Thomas Lynch reads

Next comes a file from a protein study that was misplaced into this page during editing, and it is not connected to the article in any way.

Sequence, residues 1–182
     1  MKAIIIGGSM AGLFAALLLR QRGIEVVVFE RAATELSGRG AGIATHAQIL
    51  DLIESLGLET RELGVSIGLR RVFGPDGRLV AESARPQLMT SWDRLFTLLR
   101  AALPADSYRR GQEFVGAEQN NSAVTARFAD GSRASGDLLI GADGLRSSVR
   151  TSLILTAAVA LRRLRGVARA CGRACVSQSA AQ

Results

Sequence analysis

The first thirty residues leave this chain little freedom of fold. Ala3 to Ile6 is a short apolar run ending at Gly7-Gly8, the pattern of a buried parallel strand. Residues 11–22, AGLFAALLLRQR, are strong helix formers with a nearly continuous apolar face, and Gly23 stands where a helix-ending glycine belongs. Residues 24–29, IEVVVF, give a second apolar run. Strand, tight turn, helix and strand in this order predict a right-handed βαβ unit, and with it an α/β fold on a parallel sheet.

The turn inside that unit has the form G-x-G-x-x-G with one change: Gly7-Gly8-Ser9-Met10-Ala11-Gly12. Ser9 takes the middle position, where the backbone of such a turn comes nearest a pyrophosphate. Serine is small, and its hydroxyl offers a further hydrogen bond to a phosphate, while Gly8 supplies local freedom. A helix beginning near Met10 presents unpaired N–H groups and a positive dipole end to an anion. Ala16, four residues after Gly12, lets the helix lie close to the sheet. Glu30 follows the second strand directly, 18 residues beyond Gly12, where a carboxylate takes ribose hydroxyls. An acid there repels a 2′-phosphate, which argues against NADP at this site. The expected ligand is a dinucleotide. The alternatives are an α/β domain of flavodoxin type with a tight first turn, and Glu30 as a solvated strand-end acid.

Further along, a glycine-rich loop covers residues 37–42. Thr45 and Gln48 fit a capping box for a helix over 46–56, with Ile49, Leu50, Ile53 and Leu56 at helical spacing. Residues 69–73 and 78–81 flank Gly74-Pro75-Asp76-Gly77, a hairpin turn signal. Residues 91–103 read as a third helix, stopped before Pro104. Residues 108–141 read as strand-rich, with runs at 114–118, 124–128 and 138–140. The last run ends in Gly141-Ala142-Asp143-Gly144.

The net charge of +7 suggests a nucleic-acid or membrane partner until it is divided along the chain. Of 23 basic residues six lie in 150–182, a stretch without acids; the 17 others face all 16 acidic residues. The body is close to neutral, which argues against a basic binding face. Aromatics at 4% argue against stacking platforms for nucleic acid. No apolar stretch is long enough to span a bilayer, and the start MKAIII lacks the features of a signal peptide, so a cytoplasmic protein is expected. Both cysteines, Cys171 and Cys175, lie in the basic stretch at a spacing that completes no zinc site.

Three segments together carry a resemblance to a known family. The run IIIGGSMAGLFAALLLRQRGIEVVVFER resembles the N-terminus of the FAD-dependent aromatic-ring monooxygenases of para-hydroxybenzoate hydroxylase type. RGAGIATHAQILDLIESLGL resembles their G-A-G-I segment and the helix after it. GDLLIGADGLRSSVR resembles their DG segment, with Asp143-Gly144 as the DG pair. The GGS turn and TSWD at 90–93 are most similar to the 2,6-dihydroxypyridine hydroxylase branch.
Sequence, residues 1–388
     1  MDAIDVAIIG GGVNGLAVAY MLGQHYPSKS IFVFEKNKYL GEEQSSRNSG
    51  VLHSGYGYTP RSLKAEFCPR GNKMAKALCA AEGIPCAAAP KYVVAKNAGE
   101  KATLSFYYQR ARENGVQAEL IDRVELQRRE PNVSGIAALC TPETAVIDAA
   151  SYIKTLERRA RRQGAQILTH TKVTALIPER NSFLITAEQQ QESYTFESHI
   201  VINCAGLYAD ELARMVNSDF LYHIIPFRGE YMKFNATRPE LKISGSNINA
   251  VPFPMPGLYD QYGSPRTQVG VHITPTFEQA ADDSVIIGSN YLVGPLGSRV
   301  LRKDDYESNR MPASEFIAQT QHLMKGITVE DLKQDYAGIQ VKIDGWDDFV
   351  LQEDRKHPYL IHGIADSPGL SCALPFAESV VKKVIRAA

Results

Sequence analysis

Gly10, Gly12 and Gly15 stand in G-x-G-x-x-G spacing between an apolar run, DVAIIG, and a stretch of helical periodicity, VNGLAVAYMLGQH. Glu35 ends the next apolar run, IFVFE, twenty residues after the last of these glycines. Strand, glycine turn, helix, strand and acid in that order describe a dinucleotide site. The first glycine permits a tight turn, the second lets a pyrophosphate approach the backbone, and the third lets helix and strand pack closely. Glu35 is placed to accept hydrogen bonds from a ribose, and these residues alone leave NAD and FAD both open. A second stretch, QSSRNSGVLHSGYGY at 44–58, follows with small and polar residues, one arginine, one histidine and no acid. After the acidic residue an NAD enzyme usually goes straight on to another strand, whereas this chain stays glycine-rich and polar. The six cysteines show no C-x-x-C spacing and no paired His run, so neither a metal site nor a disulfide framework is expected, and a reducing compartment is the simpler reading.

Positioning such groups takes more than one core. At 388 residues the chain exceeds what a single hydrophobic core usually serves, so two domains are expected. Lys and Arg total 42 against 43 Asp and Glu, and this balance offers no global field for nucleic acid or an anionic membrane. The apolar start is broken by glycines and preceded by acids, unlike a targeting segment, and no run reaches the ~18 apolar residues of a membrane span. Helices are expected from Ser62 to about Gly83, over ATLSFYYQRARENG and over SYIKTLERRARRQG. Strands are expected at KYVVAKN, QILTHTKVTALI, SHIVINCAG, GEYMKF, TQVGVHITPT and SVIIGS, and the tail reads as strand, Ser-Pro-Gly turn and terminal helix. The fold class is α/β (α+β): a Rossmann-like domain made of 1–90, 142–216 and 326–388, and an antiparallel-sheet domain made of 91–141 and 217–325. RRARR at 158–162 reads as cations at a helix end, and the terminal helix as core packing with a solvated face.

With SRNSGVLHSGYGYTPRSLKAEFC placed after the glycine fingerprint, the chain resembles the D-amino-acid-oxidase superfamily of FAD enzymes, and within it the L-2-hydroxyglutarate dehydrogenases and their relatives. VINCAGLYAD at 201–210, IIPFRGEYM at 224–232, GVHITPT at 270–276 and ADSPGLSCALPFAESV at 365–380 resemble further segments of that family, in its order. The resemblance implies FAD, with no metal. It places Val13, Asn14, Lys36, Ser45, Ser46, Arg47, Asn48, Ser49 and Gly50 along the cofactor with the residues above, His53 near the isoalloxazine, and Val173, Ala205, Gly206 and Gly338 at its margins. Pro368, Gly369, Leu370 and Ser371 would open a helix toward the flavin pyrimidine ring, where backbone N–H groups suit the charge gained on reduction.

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Odds are the poor man was trying to please her because her pleasure would have pleasured him, adding as it would have to his image of himself as a latter-day Man of Steel, able as always to leap tall buildings and off of whose chest the bullets would bounce, his five bypasses notwithstanding, nor withstanding how his heart had grown flimsy with hard loving and bereavement. Or maybe it was the Marine Lance Corporal in the snapshot of himself in the South Pacific he kept in the corner of the bathroom mirror: barechested in khakis and boondockers with Billy Swinford Smith from Paris, Kentucky, posing as always for the girls back home; the ready and willing eighteen-year-old who went from right tackle with St. Francis DeSalles to light machine gunner with the Corps and came home skinny and malarial later to marry the redheaded girl of his dreams who had written him daily through the war, beginning her letters with My Darling Edward and closing with All My Love Always, Rose. We found those letters, years later, in a drawer and tried to imagine them both young again, dancing to Dorsey and Glenn Miller tunes under the stars at the Walled Lake Pavilion before they had any idea of us. “Six sons,” he’d laugh, “enough for pallbearers! And girls enough to keep us in old age.” So when our mother took to her bed with cancer, it was, of course, the girls who tended her while my brothers and I sat with him downstairs, being brave for each other. When she died he knelt by her bedside sobbing, “Rosie, my darling, what will I do without you?” And grieved his grief like Joe DiMaggio who never missed a game and took a rose to place in the vase at her graveside daily then came home to sit in his chair and weep, those first nights without her thereby replacing as the worst in his life a night in ‘44 on Walt’s Ridge in Cape Glouster, New Britain, when he and elements of the Fifth Marines survived nine Bonzai charges. The Japanese foot soldiers kept screaming, kept coming, blind into the crossfire of light machine guns that he and Billy and Donald Crescent Coe kept up all night, aiming just below the voices. In the morning he crawled out of his hole to poke his bayonet among the dead for any signs of life and souvenirs. Whatever he found, he took no prisoners and always said he wondered after that how many men he’d killed, how he’d survived. He’d try to make some sense of all of it, but if he did, he never told us what it was. And now he is dying of heartache and desire. Six months into his mourning he became an object of pursuit among the single set of widows and divorcées hereabouts; the hero of a joke his cronies tell that always ends But what a way to go! Last night, mistaking breathlessness for afterglow, a woman nearly finished him with love and barely made it to the hospital where they thumped his chest and ordered oxygen. The Fifth Marines are off to war again. He watches CNN in ICU while Leathernecks dig trenches in the sand. The president says “No More Vietnams.” The doctors tell him “Easy Does It, Ed— six weeks, six months, who knows. It’s up to you. Avoid excitement, stimulation, sex with any but familiar partners.” He tells them “War is Hell. It takes no prisoners. A man must have something worth dying for.” The Persian skies are bright with bombs and fire. My father’s sleep is watched by monitors that beep and blink—his sore heart beating, still. I wonder if he dreams of soldiers killed in action—Japanese, Iraqis, old Marines who died for flags and causes, but in the end, among their souvenirs, we only find old snapshots of their wives and women friends.